Ideally, the walk along Chalai Bazaar can be made any time of the day. But depending on the time, the moods change in a myriad ways but the energy of the market can be felt all the same. For one to witness the changing moods, walks must be arranged preferably early morning, mid-morning, afternoon and dusk.
The Chalai Bazaar in Trivandrum may be miles away from the picturesque notions of Kerala, which generally consist of houseboats, Dutch Palaces, or serene strips of coastline. Kovalam Beach, which is about 7 miles from the market, could be a possible exception. The bustling market, however, is equally magical, if not more so in some ways. Even under the oppressive sun of midday, its character and energy are infectious, with motorcycles and trucks honking at full volume as they zip through the seemingly endless road lined with shops on either side. In many ways, the Chalai Bazaar is a place of possibility, not only because almost anything can be found here, but also because visitors inevitably end up finding more than what they had expected.
The bazaar is usually accessed from the entrance near the East Fort, within which the famous Sree Padmanabhaswamy Temple is located. East Fort is also the terminal for the city buses. Having alighted one of those buses, one can take a quick stroll through the Gandhi Park with its confusing turnstile entrance and exit. Many times, people in a hurry use both sides of a turnstile resulting in both parties getting stuck. It takes a while for the stakeholders to realise the playful thoughtfulness of the city corporation officials in installing such a contrivance.
While one can see that textiles and home appliances shops dominate Chalai Market, that could be only the first impression. The soul of the bazaar lies deep inside. No much of alleyways or winding side lanes. Just following the seemingly endless road could reveal the many charming faces of the bazaar. Fruit vendors, vegetable sellers, florists, stationary and stationery shops, all line up to cater the demands of the discerning buyer.
Seasonal festivals indeed has a huge influence on the goods sold. Starting with New Year, Onam, Bakrid, Vishu, Christmas and most importantly the Sabarimala pilgrim season make the shops metamorphose. Presence of Chinese goods are thankfully limited to roadside vendors providing ample opportunity for the local artisans and blacksmiths to thrive.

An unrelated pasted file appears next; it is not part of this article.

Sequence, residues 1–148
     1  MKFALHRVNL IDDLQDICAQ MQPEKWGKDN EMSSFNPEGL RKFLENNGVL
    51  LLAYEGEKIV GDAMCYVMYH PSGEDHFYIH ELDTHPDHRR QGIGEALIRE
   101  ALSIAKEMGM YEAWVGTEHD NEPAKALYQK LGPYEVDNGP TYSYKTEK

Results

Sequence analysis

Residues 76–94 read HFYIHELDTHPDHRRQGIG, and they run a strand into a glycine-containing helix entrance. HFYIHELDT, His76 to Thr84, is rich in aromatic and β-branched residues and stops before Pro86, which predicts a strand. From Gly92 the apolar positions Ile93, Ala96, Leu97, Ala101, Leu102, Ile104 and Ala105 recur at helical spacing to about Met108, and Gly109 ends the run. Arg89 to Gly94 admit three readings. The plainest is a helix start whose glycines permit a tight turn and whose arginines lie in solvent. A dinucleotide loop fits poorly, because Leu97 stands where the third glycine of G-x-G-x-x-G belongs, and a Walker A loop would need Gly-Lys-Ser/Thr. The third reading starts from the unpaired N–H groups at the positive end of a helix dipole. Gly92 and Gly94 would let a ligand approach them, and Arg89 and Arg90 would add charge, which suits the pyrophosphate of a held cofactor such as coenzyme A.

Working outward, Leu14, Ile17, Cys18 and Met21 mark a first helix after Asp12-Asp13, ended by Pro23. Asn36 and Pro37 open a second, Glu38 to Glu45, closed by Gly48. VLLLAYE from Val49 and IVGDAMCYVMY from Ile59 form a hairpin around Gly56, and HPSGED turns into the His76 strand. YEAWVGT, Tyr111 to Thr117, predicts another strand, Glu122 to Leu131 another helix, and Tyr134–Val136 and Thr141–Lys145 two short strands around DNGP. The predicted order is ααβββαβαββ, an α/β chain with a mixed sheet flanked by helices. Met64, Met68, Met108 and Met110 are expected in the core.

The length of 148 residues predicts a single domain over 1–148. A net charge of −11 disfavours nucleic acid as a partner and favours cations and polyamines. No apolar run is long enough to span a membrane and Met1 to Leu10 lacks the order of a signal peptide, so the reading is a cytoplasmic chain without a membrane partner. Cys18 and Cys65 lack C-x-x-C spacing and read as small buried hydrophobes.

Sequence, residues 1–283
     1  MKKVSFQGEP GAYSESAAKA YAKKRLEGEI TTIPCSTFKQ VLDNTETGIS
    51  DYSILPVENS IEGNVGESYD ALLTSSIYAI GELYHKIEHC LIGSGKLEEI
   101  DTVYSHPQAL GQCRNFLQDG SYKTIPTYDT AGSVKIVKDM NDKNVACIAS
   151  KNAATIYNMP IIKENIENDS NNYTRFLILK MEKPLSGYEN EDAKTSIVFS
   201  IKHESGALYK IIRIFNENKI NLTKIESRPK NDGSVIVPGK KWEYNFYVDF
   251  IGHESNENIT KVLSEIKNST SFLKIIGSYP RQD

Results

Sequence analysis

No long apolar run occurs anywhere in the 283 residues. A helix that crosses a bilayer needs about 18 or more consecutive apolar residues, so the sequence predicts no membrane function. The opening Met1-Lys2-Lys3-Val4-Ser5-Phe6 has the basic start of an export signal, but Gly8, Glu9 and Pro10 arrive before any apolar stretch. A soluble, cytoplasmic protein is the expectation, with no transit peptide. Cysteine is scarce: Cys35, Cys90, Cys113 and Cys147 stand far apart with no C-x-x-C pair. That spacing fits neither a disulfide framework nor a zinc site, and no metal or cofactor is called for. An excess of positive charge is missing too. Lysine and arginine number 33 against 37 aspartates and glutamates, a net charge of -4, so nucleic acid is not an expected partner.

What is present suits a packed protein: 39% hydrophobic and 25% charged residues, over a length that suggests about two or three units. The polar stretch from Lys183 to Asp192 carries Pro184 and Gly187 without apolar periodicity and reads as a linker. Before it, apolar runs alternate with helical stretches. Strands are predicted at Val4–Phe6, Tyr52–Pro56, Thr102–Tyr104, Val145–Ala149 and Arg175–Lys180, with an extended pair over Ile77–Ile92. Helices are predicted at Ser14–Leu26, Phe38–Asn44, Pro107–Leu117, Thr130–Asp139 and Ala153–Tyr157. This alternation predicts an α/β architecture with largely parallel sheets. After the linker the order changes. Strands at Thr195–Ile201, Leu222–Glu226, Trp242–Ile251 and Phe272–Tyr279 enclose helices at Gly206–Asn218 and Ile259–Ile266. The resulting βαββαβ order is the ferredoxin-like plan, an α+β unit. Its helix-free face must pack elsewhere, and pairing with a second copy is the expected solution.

Further down the road, as you pass Arikkada Junction (Rice Shop), the area becomes more specialised zonally. Rice in one lane, vegetables in another, even used scrap can be bought from a third. Managing these lanes needs expertise and knowledge and therefore bringing with you a local (Thirontharamkaran, in slang) becomes a necessity. Trucks from neighbouring state follow their timing. Arrivals start st 3AM with flowers from Thovalai, a small village in the foothills of Western Ghats. Pottery also comes on lorries with National permit, with that majestic brown and white livery.
Scattered in between are tea shops that sell, well, tea. Mulaku Bajji, Murukku, Madakkusaan and the most popular Parippu Vada are over before it is made. Bonda and Pazhampori (Vazhakkappam) are fast disappearing or at least not as common as they used to be. Drink from the glass tumbler without the fear of it slipping from your butter fingers. They won’t. The stickiness of sugar ensures necessary adhesiveness as they are rinsed on water over and over again a million times. Never had a single person complained over it nor any Health Inspector made a fuzz.
Bonji shops are completely missing as they had gracefully bowed their way out to make space for tetrapacks and cans. Served in rather large glass glasses, they used to come with sugar or sugar syrup. Exotic varieties come with sugar flavoured with roots of Asparagus or Naruneendi. Premium mode comes with a goli soda and extra premium with a soda with crown cap. Additional garnishing includes hand-pasted bananas, pineapples, apples and even the seeds of a plant that swells when in contact with water.
A speciality shop, tiny as it is, carries everything a wedding needs-from paper towels to sugar candy and rose water; from kishmish (raisins)to disposable plates. A unique shop that sells ground coffee entices customers to a nearby restaurant for a Filter Coffee and Masala Dosai. In fact, if someone doubts about the owners of these two different establishments be one, no one could blame them.
Footwear gives you options-from footpath to Bata. Somewhere between is Thirumurugan, the shop which sells hand-made footwear. These are unbranded and hand made. As competition from China increased, such shops were forced to carry Chinese products also.
As the other end of the bazaar is reached now, people invariably looks for an ‘auto’. The rick is ubiquitous in the roads of the capital city. With thousands plying on the road, it is still hard to find one when you need one. If you decide to walk or take a bus, a dozen will follow you from no where. Auto-rickshaws are strictly run ‘by the meter’ although it is a good habit to remind the driver of the meter. Rounding off to the nearing INR 5.00 is often accepted with a huge grin and lack of that might invite a growl. But most of the residents have lived enough in the city to ignore the negatives.